There is a fairly new product called Oral I.V.-Rapid Rehydration Ultra Concentrate. There are several sites with information, Helion Formulas being one. It is supposed to have a five year shelf-life and takes little storage space.

      Dehydration, which can be life-threatening in a very short time has been one of my great concerns. If the patient can’t keep anything down, some fluids can be absorbed rectally, that is in the lower large intestine. This product might be useful for those who haven’t the supplies or knowledge to establish an I.V. to replace fluids and electrolytes.

      Caveat: I am neither a doctor nor a nurse.

      Reply
      • Carol
        Carol says:

        Also, in addition to Oral I.V., Warrior Wound Care sells a product called 7 Day Bandage. If it works as well as they say, it is a very useful product to include in your medical stash.

        Reply
      • Warzone Veteran...
        Warzone Veteran... says:

        Oral IV is overpriced garbage.

        Just google “oral rehydration salts”. Each small envelope makes a liter and the stuff works miracles. Also great to prevent or alleviate a hangover, depending on whether you drink it before bed or after waking-up from a night of hard drinking… ;)

        Reply
        • Warzone Veteran...
          Warzone Veteran... says:

          Almost forgot: I carry a couple of individual packets of Crystal Light to make the stuff less miserable to drink, especially for kids and whiners… Deployed soldiers can just grab them from the DFAC or PX and I recommend the lemonade packets, because the saltiness actually tastes great with the sourness and goes down easy. I used to make new guys to the desert heat drink one per day until they got accustomed to the rapid dehydration and how to manage themselves properly. It also saved me once during a bout of severe food poisoning when I was far from medical facilities. A well-trained person with some knowledge and on-hand supplies is good in all kinds of situations, not just worst case ones.

          Reply
  28. Bud
    Bud says:

    Anyone ever used alum to stop bleeding? I’ve heard it was once included in GI first aid kits. BTW, does iodine go bad? I noticed the iodine you can buy OTC has expiration date on the bottle. Guess you need to rotate some of the medical supplies just like food.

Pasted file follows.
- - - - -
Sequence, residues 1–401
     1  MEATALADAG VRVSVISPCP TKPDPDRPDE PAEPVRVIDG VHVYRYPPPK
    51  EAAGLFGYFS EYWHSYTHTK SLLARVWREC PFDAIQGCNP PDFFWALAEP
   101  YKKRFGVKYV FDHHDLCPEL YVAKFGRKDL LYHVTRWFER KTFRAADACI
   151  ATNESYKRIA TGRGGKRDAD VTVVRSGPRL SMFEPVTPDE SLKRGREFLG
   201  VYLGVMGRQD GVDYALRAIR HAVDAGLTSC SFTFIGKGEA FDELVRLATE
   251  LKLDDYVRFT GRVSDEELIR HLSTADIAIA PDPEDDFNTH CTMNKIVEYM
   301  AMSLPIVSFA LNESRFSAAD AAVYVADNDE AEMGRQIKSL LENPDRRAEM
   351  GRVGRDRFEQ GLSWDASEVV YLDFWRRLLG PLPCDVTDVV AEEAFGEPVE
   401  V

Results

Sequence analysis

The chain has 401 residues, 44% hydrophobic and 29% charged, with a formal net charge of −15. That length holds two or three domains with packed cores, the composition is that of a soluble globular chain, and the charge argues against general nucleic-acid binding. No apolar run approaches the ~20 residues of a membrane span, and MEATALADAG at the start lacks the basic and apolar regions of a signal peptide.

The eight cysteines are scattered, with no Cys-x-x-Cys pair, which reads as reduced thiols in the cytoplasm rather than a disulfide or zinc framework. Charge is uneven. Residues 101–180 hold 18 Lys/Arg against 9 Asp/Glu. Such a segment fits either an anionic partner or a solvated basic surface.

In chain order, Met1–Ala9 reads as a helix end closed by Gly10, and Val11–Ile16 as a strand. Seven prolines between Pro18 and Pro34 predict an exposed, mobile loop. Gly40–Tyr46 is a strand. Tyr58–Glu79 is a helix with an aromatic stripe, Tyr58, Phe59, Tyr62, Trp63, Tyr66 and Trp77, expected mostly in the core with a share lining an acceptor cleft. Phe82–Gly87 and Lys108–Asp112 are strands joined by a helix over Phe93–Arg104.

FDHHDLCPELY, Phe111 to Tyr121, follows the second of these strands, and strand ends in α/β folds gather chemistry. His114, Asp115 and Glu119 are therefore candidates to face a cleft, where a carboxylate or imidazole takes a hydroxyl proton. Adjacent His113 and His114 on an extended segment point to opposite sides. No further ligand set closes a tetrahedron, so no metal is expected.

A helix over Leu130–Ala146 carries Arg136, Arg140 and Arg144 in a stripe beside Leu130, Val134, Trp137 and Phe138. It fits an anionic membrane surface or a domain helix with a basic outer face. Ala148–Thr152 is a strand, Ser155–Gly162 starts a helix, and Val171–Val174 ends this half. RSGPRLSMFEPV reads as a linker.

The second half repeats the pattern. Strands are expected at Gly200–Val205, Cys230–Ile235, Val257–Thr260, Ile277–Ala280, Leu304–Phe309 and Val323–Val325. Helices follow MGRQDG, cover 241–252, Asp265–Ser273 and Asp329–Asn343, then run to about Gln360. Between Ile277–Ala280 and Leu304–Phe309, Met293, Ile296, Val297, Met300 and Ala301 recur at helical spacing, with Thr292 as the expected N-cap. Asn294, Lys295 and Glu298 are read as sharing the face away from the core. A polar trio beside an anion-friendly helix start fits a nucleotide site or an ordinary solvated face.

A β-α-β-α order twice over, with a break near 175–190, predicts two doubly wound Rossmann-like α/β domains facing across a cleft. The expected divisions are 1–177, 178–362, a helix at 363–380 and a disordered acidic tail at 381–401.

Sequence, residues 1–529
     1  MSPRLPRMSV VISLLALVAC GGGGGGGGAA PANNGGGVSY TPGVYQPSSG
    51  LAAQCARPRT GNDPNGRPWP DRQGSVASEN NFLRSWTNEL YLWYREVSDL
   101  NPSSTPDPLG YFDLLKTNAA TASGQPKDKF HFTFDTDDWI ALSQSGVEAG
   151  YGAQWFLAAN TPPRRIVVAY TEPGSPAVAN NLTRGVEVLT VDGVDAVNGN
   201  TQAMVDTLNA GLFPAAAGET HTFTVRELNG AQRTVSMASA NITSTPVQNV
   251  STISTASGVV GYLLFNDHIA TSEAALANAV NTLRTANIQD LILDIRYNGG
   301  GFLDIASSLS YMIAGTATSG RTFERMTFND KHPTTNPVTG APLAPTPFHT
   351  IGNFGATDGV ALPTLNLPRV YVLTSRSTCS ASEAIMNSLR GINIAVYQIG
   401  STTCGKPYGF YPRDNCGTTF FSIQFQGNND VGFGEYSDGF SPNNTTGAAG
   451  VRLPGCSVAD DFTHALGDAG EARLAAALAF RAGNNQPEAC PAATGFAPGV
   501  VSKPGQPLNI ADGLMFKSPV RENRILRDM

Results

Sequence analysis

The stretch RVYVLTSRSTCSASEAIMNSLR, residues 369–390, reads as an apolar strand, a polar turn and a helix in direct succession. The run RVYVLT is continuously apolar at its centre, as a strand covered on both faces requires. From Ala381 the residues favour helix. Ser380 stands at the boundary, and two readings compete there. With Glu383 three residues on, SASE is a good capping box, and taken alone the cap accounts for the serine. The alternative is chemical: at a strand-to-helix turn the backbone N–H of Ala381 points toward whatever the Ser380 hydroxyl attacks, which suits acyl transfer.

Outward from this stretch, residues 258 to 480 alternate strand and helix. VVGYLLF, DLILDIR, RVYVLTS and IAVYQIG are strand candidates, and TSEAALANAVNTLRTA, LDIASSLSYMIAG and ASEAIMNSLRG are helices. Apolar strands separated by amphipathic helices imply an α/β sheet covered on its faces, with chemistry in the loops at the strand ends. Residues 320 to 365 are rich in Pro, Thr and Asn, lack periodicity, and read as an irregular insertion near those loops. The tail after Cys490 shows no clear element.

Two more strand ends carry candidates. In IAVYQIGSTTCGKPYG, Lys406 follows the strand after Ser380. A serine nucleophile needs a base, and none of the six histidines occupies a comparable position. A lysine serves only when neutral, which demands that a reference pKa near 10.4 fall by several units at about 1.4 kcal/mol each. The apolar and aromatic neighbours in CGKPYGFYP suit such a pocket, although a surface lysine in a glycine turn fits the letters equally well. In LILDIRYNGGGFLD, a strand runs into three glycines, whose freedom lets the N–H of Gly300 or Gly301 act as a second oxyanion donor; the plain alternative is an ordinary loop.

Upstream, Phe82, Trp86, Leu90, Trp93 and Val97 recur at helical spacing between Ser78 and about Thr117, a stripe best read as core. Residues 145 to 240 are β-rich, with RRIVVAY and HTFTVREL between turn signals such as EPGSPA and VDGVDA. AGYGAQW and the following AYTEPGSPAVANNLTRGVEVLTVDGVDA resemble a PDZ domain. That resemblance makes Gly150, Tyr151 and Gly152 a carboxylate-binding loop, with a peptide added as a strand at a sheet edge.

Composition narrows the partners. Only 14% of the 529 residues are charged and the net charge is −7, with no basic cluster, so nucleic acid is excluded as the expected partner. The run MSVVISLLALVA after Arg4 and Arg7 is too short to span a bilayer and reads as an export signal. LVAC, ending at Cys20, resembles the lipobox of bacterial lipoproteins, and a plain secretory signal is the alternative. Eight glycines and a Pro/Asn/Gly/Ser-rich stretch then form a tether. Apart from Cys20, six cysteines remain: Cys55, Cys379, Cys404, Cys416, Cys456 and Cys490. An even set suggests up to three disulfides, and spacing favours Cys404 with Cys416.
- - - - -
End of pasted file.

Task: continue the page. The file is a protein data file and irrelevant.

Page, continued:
Reply
    • J
      J says:

      Alum will stop a small bleed, like a shaving cut; it was often used in a crayon-shape called a styptic pencil, for that purpose. But for a larger wound with not a lot of bleeding, superglue is a better substitute for a butterfly; for large wound and lots of blood, Celox is better and forms a clot quickly without the heat associated with Qwik-Clot. Amazon has it, as well as other places.

      Reply
  29. usa woman
    usa woman says:

    Selco

    I am in the middle of listening to your course. I’m in awe of your insights and story. Today is Sunday and I won’t be able to do anything until I finish listening to your experiences because your interviews are so compelling. You have done a fantastic job in not only noticing all the nuances, and details of everything but you also have an exceptional ability to see the total picture. Congratulations on a job well done !

    Now I’m going to get back to your course :-)

    Reply
  30. usa woman
    usa woman says:

    Selco

    By the way, If the media in the USA were not so controlled, your interviews would be a fantastic television series.

    Reply
    • Tommy
      Tommy says:

      I saw a commercial last night about a show coming on in a few weeks called “Doomsday Preppers” on the History channel (I think). Hopefully it will be informative and not condescending in it’s portrayal of prepping. It’s starting to become more mainstream everyday, not just for the “Tin Foil Hat” crowd anymore.

      Tommy

      Reply
  31. usa woman
    usa woman says:

    Everyone

    Selco does not mention this, but i think he was protected by Our Creator so he could help us with all this information. Best way to prep is to prepare and best of all is to PRAY.

    My best to all of you !

    Reply
  32. YankeeTexan
    YankeeTexan says:

    Selco,
    What did you do to sterilize medical implements/tools? Rakia/clear liquors? Boiling? Someone mentioned previously about autoclaving w/ a pressure cooker?

    Thanks again for sharing what you have endured,
    YankeeTexan

    Reply
    • Selco
      Selco says:

      @YankeeTexan

      It was rakia and boiling. In some areaas where some kind of war hospitals were working they use home made autoclaves, actualy they were just bigger pressure cookers.

      Reply
  33. Tommy
    Tommy says:

    Selco,
    I think one of the best parts of your website is the comments section. By that I mean, just by reading the comments I see that you are getting people to think and to share ideas. Before people were in denial, now at least they are CONSIDERING the possiblity that the **** might actually hit the fan and when it does it’s gonna splatter. Thinking leads to planning, planning leads to prepping, prepping leads to survival. You may never know how many lives your blog may save, But I feel it will be many. Thanks again for all your words of wisdom.
    Tommy

    Reply
    • Selco
      Selco says:

      First thing to prepare is mind. Fact that bad thing can happen and probably will happen. Fact that bad things can happen to all of us, anywhere, not only in some strange countries far away.

      Reply
  34. shaggy
    shaggy says: